What does depression or anxiety feel like? Is what I’m experiencing depression or just life?

Here’s a video I did a while ago before I figured out what was wrong with me. I was on a high dose of antidepressants and looking back, I was not well. But the antidepressants did help. I explain a bit in there, and I’ll explain below.

My experience of depression:

  • Whenever I was walking anywhere, especially at night, I’d feel like I was going to get jumped. Someone behind me would suddenly grab me or something. Extremely on edge.
  • I felt like I was mourning. Every bit of happiness I had would just be sucked back down into a tar pit of black. I’d laugh but then I’d be unhappy. Smile, then immediate unhappiness
  • I was soooo angry. Slow people walking down the block, someone who doesn’t use their signal light, talking in the library? I was the one who would get up and tell people to go outside if they were going to talk in the silent space. Some people aren’t bothered by this. (I believe that some of the anger issue was from being on the birth control pill).
  • I was irritable at people I love. This is one of the worst parts. It’s was the people closest to me that irritated me the most. It didn’t even have to be very irritating. But I’d yell at them.
  • Depression pushes you away from the people you are closest to. It makes you more of a downer to be around. It pushes people away.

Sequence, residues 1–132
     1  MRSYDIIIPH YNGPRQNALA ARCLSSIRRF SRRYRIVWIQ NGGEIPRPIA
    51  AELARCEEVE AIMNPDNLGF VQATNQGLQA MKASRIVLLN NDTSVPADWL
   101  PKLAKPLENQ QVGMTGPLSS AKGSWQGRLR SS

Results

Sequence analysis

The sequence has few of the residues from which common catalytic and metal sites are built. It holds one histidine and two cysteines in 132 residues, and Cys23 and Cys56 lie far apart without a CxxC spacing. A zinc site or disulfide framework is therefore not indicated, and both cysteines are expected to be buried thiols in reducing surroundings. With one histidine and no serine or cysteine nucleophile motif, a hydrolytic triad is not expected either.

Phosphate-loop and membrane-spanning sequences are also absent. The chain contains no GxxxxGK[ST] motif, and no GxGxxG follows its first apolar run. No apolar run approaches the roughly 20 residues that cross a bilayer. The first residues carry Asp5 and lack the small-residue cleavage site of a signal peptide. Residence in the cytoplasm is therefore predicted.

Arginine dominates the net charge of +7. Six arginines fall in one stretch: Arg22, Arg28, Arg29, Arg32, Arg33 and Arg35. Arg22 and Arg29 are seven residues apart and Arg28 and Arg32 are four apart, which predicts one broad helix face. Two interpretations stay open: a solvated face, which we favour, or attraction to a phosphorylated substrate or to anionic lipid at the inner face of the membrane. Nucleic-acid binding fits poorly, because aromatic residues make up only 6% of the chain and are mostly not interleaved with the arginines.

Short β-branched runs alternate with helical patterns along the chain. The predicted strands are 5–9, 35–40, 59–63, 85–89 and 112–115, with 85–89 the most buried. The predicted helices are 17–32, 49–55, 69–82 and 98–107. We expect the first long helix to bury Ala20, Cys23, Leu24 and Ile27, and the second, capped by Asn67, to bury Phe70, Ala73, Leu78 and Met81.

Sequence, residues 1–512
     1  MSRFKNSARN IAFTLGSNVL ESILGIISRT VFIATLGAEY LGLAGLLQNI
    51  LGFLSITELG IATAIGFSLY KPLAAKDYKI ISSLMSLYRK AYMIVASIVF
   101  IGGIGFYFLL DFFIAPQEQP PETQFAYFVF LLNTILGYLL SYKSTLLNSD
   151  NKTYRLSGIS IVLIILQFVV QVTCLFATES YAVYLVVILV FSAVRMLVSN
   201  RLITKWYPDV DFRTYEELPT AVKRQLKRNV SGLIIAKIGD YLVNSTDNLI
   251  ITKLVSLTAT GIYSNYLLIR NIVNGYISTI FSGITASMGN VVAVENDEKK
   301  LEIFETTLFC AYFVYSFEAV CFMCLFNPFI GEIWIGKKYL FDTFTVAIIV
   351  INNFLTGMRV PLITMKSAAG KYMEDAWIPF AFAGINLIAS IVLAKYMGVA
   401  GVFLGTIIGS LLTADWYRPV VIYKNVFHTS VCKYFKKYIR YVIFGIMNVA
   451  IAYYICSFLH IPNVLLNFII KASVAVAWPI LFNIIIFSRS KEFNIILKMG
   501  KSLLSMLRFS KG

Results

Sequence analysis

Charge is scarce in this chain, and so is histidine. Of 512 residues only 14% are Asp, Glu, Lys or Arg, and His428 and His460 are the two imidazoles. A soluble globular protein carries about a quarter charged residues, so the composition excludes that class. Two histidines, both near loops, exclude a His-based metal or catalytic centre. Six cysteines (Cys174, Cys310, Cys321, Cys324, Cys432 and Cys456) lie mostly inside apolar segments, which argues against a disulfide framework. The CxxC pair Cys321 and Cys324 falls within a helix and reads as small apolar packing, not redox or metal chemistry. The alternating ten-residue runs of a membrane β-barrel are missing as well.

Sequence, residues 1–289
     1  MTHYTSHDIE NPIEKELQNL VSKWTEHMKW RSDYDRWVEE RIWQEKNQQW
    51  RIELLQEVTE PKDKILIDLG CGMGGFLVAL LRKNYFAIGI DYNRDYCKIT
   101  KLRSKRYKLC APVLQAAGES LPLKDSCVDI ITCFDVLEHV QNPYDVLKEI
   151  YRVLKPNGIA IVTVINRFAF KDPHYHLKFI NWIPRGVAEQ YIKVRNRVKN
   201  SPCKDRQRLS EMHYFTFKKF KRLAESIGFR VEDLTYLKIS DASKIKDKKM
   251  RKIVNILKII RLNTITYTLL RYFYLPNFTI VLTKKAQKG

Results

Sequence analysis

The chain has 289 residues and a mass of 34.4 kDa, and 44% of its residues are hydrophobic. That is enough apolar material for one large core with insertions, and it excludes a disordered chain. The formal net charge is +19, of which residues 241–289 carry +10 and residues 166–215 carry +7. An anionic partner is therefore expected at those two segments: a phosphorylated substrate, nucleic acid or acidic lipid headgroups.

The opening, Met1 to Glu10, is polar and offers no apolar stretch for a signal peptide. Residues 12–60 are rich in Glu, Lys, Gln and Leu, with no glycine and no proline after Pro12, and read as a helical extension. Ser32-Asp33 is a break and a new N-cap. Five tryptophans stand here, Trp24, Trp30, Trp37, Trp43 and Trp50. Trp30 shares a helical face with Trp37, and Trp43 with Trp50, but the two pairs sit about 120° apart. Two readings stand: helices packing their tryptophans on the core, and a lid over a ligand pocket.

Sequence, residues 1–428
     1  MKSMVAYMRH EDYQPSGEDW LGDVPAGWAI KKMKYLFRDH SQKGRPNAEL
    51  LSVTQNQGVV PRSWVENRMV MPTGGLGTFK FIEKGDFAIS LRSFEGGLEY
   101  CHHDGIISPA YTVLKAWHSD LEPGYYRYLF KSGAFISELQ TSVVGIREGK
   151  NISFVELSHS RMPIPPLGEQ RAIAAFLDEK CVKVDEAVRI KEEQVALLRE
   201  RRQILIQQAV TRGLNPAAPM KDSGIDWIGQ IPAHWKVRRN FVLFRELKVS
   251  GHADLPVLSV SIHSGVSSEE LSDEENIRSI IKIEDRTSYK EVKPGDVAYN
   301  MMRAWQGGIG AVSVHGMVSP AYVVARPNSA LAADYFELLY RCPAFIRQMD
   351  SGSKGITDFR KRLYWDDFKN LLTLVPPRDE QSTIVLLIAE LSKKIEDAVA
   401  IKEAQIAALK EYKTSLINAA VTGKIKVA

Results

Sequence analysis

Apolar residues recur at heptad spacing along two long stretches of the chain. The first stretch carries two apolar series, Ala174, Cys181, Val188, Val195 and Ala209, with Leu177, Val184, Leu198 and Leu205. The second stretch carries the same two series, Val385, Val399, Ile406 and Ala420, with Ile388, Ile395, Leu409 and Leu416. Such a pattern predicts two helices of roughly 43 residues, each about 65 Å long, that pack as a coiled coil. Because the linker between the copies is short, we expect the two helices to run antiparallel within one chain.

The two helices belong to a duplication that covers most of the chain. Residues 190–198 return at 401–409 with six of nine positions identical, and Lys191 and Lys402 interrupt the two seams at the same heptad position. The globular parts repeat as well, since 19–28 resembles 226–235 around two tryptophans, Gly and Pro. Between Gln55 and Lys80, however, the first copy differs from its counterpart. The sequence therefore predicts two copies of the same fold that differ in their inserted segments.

• It’s scary. I used to read horror books when I was a kid so that the feeling of fear made sense.
  • Buried in books. I know that not everyone who reads is depressed, but it was a huge escape for me.
  • A panic attack feels like your body is out of control. First, I’d feel my heart start racing, and when your heart rate increases like that your breathing is hard to control. Then sometimes my hands would start shaking. Sometimes it was physical for quite a while before I started freaking out mentally.
  • Worrying about unlikely situations. When I was depressed, and when I have a reaction I can start worrying about the most unlikely situations. But in my head, they seem totally probably. It’s almost impossible to doubt yourself in situations like that.
  • Constant pit in my stomach
  • My shoulders were always raised up, kind of ready for an attack or to protect myself. It would take a lot of energy to straighten up and relax my shoulders.

If you see yourself worrying about things that you probably shouldn’t really worry about, or crying over things that you probably shouldn’t be crying over, or getting mad at people you love, it’s depression/anxiety, not life. (It feels more like they just become more annoying, it doesn’t feel like it’s you at all).

Takeaway:

Life is great. You should be happy every day unless something serious is going on. When my dog passed away last year I was heart-broken. But I wasn’t as miserable as I was when I was depressed. I thought losing my dog would be the end of me. I thought that would be a good example of what being depressed is like but it’s not. Losing my dog was way easier than being depressed. Being depressed feels like there’s a poison in your soul that you’re trapped with forever. Surprisingly enough, it’s because there is poison in you. But it’s not forever.